Each of us has a blood group and an Rh factor, some of us know it, some of us don’t, but we all know it exists, and most of us know that there is something important in the combination of a couple’s groups and Rh when they are looking for a pregnancy.
Blood groups are “markings” on the surface of red blood cells that are different depending on the group. The most important ones are the ABO and Rh groups. We can be A, B or O and in parallel positive or negative with respect to Rh. Specifically, blood cells that have the Rh “mark” on their surface are positive, and those that are negative do not have it. And there lies the problem: if Rh-positive blood is transfused into Rh-negative subject, it does not recognise this “mark” as its own and generates antibodies against these cells, which is considered foreign and therefore an enemy to be destroyed. In our country around 85% of the population is Rh positive and only 15% Rh negative.
This is what can happen in a pregnancy where the mother is Rh negative and the father is Rh positive: The foetus can be positive like the father or negative like the mother. This is called Rh Incompatibility. This is not a problem if it is the first pregnancy and the woman have never received a blood transfusion or been in contact with Rh-positive blood. During an uneventful pregnancy the mother’s blood and the foetus do not come into contact, but this can happen during delivery, whereby the mother will not recognise the mark exhibited by the Rh-positive foetal red blood cells and will start making antibodies against them. At that time it is not a problem, but if we do nothing about it, the mother will be sensitised and in a subsequent pregnancy from the early stages of pregnancy will begin to destroy the foetal blood cells causing foetal anaemia and a complex condition that can have serious consequences called neonatal haemolytic disease.
Apart from the moment of delivery, there can be contact of foetal blood with maternal blood at any time when there is placental bleeding, or when we perform a manipulation such as an amniocentesis or chorionic biopsy, or in situations such as a previous transfusion of Rh positive blood, an abortion or an ectopic pregnancy.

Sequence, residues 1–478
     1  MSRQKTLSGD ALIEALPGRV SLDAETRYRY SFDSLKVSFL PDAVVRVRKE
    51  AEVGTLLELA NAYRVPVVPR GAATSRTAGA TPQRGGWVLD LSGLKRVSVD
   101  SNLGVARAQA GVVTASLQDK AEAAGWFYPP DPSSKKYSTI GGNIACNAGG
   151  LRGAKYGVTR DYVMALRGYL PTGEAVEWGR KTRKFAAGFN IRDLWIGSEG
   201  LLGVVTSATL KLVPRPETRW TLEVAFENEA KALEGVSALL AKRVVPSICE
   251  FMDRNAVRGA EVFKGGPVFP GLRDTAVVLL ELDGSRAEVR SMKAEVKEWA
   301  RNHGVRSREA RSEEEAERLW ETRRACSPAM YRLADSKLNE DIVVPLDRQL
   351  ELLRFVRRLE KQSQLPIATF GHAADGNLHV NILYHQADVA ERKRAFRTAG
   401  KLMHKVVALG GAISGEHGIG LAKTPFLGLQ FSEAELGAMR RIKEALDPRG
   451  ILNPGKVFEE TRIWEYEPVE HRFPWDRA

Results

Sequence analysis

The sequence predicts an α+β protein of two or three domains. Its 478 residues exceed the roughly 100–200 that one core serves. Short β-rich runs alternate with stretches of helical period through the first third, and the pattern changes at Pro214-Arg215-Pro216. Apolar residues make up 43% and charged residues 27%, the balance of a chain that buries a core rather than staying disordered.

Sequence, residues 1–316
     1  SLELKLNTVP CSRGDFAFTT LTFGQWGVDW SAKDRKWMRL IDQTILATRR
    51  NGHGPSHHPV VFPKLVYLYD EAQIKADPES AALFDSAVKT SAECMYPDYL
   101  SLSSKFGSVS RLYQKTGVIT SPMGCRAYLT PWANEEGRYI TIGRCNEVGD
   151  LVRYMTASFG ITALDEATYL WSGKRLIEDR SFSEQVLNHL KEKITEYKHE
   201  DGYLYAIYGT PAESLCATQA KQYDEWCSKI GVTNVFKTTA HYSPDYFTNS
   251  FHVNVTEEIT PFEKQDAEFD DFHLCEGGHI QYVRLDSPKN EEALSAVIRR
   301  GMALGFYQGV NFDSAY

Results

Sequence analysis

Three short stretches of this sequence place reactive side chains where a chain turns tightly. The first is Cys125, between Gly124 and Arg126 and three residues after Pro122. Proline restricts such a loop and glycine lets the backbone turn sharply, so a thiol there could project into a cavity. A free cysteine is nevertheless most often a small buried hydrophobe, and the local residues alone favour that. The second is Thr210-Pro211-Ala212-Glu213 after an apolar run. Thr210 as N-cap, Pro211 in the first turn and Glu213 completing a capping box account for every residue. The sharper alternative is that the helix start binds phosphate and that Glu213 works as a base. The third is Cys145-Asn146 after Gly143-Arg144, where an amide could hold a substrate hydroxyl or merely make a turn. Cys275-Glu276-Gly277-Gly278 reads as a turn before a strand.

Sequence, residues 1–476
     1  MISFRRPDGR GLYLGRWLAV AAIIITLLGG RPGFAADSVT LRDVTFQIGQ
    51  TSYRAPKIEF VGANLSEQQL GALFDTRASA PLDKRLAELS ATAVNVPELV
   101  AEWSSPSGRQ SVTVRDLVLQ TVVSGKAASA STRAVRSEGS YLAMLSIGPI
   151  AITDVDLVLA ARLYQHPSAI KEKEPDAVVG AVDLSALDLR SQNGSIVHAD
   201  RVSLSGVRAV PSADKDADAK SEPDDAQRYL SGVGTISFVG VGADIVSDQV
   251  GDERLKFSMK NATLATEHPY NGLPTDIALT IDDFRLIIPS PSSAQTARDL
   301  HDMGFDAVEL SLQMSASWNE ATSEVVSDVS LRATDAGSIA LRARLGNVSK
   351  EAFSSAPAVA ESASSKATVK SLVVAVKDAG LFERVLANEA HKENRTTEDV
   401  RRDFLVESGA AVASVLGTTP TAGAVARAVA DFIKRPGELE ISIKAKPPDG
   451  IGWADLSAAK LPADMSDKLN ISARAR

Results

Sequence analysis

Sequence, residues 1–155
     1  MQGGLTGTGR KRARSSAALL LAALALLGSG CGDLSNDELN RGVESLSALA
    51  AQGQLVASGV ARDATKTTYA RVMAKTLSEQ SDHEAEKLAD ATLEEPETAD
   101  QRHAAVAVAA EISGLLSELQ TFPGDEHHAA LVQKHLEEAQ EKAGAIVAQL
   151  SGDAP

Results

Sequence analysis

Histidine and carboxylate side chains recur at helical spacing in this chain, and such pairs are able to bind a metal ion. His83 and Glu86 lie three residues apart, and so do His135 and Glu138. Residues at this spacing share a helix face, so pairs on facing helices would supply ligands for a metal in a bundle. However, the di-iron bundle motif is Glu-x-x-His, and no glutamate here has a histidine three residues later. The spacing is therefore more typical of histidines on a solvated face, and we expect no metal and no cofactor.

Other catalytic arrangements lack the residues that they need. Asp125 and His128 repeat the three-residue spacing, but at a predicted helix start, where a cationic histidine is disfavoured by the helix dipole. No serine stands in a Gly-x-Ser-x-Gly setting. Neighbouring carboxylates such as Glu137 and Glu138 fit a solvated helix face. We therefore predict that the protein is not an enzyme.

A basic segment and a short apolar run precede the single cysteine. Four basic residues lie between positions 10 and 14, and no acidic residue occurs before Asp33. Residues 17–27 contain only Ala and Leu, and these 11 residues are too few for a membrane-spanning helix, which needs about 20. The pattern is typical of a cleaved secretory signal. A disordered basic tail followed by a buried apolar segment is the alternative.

How can we avoid this? By giving the pregnant woman a dose of Rh immunoglobulin if there is a risk of contact with foetal blood, for example after an amniocentesis or chorionic villus sampling, or first trimester haemorrhage. It is also administered preventively by protocol to all Rh-negative pregnant women around the 28th week of pregnancy, and finally postpartum, if the newborn is confirmed to be Rh-positive. To do this, a blood test is carried out on a sample of the umbilical cord at the time of delivery to determine the baby’s Rh status. If the baby is Rh negative like the mother, nothing more needs to be done and in this case the immunoglobulins that may have been administered during pregnancy in the case of an amniocentesis, and after the 28th week, will have been in vain, but neither the mother nor the child will be harmed in any way. And if the baby is Rh positive, we will administer an additional immunoglobulin before 72 hours postpartum to prevent the mother’s sensitisation process from starting.
This immunoglobulin is often called an anti-Rh vaccine, although it is not a vaccine because it is actually the same passive antibodies that will prevent the mother’s immune response to the Rh factor that she recognises as foreign by preventing the production of antibodies.
If a sensitised mother is pregnant with an Rh-positive foetus and neonatal haemolytic disease occurs, foetal anaemia will have to be monitored and sometimes even intrauterine foetal transfusions will be necessary in the most severe cases, which is why it is so important, especially after birth, to administer immunoglobulin to mothers who need it.
Since this preventive therapy has been used systematically since the end of the 1960s, this pathology, which at that time was responsible for the death of 48 newborns out of every 100,000, has almost completely disappeared.